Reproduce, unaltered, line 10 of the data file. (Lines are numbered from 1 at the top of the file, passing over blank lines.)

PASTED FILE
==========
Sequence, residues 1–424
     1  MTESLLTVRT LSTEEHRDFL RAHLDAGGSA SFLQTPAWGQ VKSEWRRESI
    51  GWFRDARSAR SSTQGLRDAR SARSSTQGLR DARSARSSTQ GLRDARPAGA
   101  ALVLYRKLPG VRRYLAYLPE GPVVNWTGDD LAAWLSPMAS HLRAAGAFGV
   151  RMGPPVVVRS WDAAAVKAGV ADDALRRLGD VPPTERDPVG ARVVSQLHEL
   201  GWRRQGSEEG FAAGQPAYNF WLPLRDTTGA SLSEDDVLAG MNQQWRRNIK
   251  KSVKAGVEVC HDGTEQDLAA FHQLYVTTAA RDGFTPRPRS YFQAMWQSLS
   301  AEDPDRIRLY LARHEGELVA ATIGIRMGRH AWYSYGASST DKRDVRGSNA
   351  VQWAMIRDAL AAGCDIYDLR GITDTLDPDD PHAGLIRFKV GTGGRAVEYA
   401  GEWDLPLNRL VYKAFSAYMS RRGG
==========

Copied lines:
   401  GEWDLPLNRL VYKAFSAYMS RRGG